I want to talk craft again, today, and I want to talk specifically about why it’s important to study writing. Whether you study formally or informally, you have to learn all this “craft” stuff. Even if you learn it the hard way, by writing for twenty years or however long it takes, you have to learn it.
I don’t believe that the craft of writing receives enough emphasis when we address the biggest challenge facing a fledgling author.
The challenge is this: written English is a different language from spoken English.
Stick with me on this.
Studies have shown that as much as 70% of spoken communication
is nonverbal: when speaking, we primarily communicate through gestures, inflection, tone, eye contact, and body language. (Dr. Albert Mehrabian’s studies in the 1970’s estimated nonverbal communication during speaking to be as high as 93%.)
When communicating through writing, that 70-90% of meaning that you normally deliver nonverbally is missing. As an author, you have to relay that massif of secondary and tertiary communication to the reader in other ways.
I’m not talking about adding adverbs to dialogue tags. I’m talking about you, the author, communicating with the reader.
Words are not enough.
Written words are a small fraction of a novel, in the same way that spoken words are a small fraction of a conversation.
Literary devices such as story arc, allegory, metaphor, subtext, irony, imagery, chemistry, pacing, dialogue, voice, narrative perspective, revelatory constructs, tropes, and so forth—all the things that you study when you study writing—convey the same information as gesture, inflection, tone, eye contact, and body language when telling a story out loud. That’s what craft is. Craft is the wink, the rising pitch, the finger stabbed into the reader’s chest.
This is why the study of writing, and the resultant understanding of—and fluency in—those aforementioned literary devices, is critical: our written language conveys information differently from our spoken one. 70-90% of your communication in a novel is through craft.
You don’t even have to be writing “literary fiction” (I still don’t understand this term, but all the cool kids are using it) for this to be true. Commercial fiction and genre fiction require craft, too, or they simply don’t work, because a pile of words without craft is just a pile of words with no secondary meaning.
Concrete storytelling can be fine, from time to time; sometimes a cigar is just a cigar. However, stories as we passed them down through our histories originally existed as metaphors and lessons, and we are the curators of that legacy. As we began to develop our storytelling craft, all this other stuff appeared—imagery, metaphor, irony, narrative voice, and so forth—and what became part of our shared cultural knowledge is now the key to our written communication, and written communication is the critical factor in our civilization’s survival. That’s why I don’t fuck around when it comes to craft.
Craft allows you to write words that mean the exact opposite of what the reader first thought they did, and yet it allows the reader to understand them in whatever way you mean them. Craft is the means of encapsulating an entire thought or emotion or concept in a single image; craft allows you to freeze a moment in time and show it from a perspective that you want the reader to see. Craft is the lens and the framing. Craft shows the reader what’s important in the story, and why.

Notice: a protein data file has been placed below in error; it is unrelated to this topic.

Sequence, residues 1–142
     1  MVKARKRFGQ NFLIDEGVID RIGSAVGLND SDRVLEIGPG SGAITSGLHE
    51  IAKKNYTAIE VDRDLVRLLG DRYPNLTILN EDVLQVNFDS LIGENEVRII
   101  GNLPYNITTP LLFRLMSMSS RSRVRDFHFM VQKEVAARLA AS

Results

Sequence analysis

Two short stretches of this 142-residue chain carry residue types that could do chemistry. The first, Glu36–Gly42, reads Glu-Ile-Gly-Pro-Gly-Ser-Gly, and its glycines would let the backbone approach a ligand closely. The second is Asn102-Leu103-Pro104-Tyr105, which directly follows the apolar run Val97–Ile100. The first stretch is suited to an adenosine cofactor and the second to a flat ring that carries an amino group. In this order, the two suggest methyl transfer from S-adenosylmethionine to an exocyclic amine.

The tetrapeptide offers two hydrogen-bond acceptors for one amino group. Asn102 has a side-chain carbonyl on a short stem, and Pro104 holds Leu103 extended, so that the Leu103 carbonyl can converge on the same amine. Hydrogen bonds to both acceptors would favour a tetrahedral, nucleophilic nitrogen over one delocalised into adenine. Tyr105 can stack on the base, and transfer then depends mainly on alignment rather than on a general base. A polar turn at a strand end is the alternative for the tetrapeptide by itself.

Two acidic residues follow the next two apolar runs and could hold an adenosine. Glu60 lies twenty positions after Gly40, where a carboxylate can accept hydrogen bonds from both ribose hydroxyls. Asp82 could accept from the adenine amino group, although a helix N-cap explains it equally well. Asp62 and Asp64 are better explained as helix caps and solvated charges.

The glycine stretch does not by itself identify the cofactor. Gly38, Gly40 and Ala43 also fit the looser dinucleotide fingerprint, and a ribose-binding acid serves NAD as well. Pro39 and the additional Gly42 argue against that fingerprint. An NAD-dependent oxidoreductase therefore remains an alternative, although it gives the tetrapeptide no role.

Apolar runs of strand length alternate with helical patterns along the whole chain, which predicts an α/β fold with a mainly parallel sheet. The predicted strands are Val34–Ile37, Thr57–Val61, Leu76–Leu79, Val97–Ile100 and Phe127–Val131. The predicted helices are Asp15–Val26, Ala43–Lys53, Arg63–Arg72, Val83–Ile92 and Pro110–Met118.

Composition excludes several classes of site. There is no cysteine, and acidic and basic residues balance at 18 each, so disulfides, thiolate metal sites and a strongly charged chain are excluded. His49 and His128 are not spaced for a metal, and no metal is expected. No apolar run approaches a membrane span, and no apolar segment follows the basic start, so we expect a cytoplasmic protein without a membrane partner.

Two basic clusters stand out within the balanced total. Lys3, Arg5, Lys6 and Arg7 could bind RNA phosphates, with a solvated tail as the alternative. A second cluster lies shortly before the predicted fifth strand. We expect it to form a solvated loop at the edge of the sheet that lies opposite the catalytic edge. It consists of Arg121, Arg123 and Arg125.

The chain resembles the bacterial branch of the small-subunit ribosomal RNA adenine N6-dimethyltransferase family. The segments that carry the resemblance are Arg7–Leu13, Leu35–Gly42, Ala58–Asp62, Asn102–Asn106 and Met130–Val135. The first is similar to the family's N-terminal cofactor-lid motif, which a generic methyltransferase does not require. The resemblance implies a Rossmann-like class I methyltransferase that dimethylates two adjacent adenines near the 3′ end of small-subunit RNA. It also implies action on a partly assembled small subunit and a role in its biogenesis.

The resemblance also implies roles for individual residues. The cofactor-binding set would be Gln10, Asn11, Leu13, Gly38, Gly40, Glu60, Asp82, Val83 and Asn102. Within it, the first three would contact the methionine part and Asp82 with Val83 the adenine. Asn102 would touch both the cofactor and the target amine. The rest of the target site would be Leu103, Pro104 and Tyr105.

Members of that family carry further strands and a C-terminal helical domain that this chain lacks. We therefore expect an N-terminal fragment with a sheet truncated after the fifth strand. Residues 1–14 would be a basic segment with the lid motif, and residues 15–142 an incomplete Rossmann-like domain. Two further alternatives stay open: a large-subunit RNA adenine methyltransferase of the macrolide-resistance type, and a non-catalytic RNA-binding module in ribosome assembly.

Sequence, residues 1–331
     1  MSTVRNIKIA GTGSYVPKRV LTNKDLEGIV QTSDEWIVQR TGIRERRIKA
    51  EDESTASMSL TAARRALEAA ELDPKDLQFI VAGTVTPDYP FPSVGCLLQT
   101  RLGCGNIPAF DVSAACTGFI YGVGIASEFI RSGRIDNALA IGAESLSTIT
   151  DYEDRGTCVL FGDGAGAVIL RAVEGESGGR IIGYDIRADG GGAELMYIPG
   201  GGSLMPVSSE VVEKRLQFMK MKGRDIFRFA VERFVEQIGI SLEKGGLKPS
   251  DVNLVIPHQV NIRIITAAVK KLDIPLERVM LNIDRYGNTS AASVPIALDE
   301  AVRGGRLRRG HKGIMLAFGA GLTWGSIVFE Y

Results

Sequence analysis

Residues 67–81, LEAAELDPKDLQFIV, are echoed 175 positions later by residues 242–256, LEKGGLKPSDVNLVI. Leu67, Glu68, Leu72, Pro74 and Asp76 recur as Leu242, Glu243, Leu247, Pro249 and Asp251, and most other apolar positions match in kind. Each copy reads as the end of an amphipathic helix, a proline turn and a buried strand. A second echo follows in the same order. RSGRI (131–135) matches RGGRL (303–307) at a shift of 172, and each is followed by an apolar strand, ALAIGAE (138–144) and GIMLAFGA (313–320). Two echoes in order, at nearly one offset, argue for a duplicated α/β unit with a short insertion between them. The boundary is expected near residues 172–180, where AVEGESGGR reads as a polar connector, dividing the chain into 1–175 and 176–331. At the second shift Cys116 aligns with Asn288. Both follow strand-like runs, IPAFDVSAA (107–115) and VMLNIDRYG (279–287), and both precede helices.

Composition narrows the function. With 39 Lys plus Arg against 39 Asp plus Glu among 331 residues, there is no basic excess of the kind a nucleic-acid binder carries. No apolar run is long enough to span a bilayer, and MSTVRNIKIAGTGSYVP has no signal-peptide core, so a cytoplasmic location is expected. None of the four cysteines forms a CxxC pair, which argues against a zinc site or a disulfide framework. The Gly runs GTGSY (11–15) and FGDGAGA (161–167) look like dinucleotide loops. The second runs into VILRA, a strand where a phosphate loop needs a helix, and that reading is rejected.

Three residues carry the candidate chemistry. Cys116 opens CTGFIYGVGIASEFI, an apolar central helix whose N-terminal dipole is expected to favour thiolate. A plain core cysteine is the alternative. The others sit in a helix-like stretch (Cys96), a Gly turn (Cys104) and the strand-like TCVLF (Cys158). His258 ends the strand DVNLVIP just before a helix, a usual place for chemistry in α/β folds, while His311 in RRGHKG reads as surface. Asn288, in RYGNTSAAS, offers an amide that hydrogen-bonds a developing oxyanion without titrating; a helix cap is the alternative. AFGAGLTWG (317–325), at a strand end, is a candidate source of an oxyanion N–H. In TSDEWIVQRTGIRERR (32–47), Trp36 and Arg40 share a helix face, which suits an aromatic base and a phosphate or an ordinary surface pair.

Craft is your So What.
This is the piece that I think a lot of fledgling authors don’t grasp. Your abilities to compose and even tell a story have very little bearing on your ability to write a compelling or even coherent novel.
Thinking that I could write a novel just because I can come up with a story would be the same as me thinking that my ability to write a novel in English gives me the ability to write a novel in, say, French; a language I studied for two years in high school and a couple of semesters in college, and used daily for a few months spent mostly drunk in Paris and then for a few more months some years later in the military. All of this time combined is roughly the same amount of time that many new authors have spent formally studying and employing written English when they attempt a first novel.
Spoken English is a different language from written English. You have to immerse yourself in the written language and its vagaries and then work it like clay on a wheel day after day, year in and year out. It’s every bit as messy and every bit as hard on your back.
This all sucks to hear in this day and age of hundred-thousand-dollar college debts, and I’m not here to harp on you to go back to school. The good news is that mastery of craft doesn’t require formal study. There are plenty of resources out there on writing craft. It is entirely possible to self-educate. I did as little creative writing in college as I could get away with; I hated being told what to write, and I still hate writing under the gun. I concentrated instead on sociolinguistics and the philosophy of language, which, as it happens, led me to a deep understanding of craft and its place in writing, because it showed me how and why words work. Most of my writing craft—really, anything beyond fundamentals and third-year fiction writing, which I barely passed at the time—has been self-taught and often self-sought. It took me twenty years to get enough of a handle on craft that I could write books that people want to buy. If I can do it, you can do it. You can probably do it faster.
You can learn this. Craft is learnable. And necessary. Learn it.